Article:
Cabbage Pickle: A Canning Twist on Asian Food or Just Good Eats!

20150719_9Cabbage Pickle

I am a big fan of sauerkraut so when I was at a local farmers market and someone had quite a few large heads of cabbage I couldn’t resist and bought what he had left, 3 monster heads, probably about 2 lbs each! Great! I can make more kraut (which I tend to give away a lot of because so few people make it now). But while at the market I also found a local community cookbook just published and flipping through it, wow! A treasure of old time recipes how could I resist? So I bought that too thinking surely there will recipes I can translate into canning and sure enough, I found one called Cabbage Pickle. No, its not kraut but pickled cabbage!

Lately I have become interested in Asian food and knew this would be a great basis for many recipes since they use a lot of fermentation in their cooking and pickling is one great way to get the taste without the time involved fermenting. So into the kitchen we go

Very simple and easy to do!

Taken from “The Mixing Bowl, County of Bath Community Cookbook” 2014 edition.

Original recipe submitted by Allie Lucinda Hull whose grandmother Annie Jane Kincaid Burns made.

If interested in the original recipe please email me, and I will email you it. I adapted the original recipe to what I had on hand.

For information on how to use an electric canner please click here (coming soon!)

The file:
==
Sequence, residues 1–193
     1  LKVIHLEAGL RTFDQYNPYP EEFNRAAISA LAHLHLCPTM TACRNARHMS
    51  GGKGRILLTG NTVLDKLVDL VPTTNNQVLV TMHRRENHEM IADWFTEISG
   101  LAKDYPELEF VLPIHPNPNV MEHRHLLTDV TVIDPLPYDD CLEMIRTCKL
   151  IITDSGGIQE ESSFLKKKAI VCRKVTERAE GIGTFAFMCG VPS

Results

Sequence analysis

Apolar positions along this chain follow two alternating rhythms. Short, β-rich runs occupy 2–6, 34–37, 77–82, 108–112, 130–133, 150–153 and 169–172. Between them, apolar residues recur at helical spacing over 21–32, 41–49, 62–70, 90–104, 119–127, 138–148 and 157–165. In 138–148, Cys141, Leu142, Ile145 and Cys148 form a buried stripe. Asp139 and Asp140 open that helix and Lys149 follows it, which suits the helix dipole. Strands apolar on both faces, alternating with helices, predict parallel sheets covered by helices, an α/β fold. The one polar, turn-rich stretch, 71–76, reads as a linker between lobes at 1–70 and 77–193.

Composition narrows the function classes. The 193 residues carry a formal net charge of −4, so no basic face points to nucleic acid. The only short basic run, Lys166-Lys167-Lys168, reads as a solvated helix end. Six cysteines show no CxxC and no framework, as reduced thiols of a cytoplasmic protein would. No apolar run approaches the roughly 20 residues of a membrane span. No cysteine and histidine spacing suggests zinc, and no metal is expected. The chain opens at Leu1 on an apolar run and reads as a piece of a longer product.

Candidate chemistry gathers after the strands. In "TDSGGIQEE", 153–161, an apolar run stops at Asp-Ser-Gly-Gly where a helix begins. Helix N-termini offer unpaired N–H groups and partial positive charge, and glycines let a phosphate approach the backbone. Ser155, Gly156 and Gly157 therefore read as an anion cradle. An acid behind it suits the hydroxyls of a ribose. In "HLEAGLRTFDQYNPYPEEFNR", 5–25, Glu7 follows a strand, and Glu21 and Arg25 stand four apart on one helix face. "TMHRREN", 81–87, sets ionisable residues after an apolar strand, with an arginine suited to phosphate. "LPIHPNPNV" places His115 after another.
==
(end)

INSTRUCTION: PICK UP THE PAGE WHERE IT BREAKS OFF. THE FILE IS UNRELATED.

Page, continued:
1 large head of Cabbage

1 large Onion

1 large Tomato

Makes approximately 8 pints of cabbage pickle

Favorite pickling solution…personally I used a new product by White House called Canning Vinegar and followed the directions on the back. Made it super easy to pickle this! (Dill Flavored)


And of course your water bath canning supplies…get it all ready to go!





Get jars and lids ready to pack.

Get pickling solution ready and keep on a simmer while you:

Dice the cabbage, onions and tomatoes to your taste. I kept mine to about 1/4 or so in size. Mix well in a bowl.






Stuff, and I mean STUFF your pink jars with the cabbage mixture to about the ½ inch mark (headspace). Don’t be afraid to really pack your jars full!

Next, ladle your hot pickling solution into the jars leaving ½ inch head space.


Wipe the rims of the jars and add lids.

Next, follow your typical canning instruction for water bath canning the traditional way for pickles, not kraut (the acidity level is for pickles so you are safe on using the pickle time).

After processing the appropriate time (10 minutes for elevations below 1,000 feet, 15 minutes for elevations above 1,000 ft) remove and allow to cool.


That simple!



After cooling we just had to try it out. Wow! Tasty by itself even but it  was really great served cold as a small side with a grilled steak too.

I can just imagine stir frying it up with some seafood or the such too over a bed or rice.

Tell me how you used this!



The Crazy Canners

You Can Can Cheese! And Dehydrate! How to Preserve Your Own Cheeses


Alright, I am an admitted cheese hound…don’t believe I have met any cheese that I didn’t like but I always thought for long term storage that you either had to keep it refrigerated or as someone I know did on TV, you had to wax it for long term storage. OR you had to buy the freeze dried stuff at something close to a mortgage payment. Imagine this…you can CAN any cheese (water bath or pressure) or dehydrate it as I did previously with cottage cheese. And do so safely! Ssshhh! Don’t tell the food police I said that!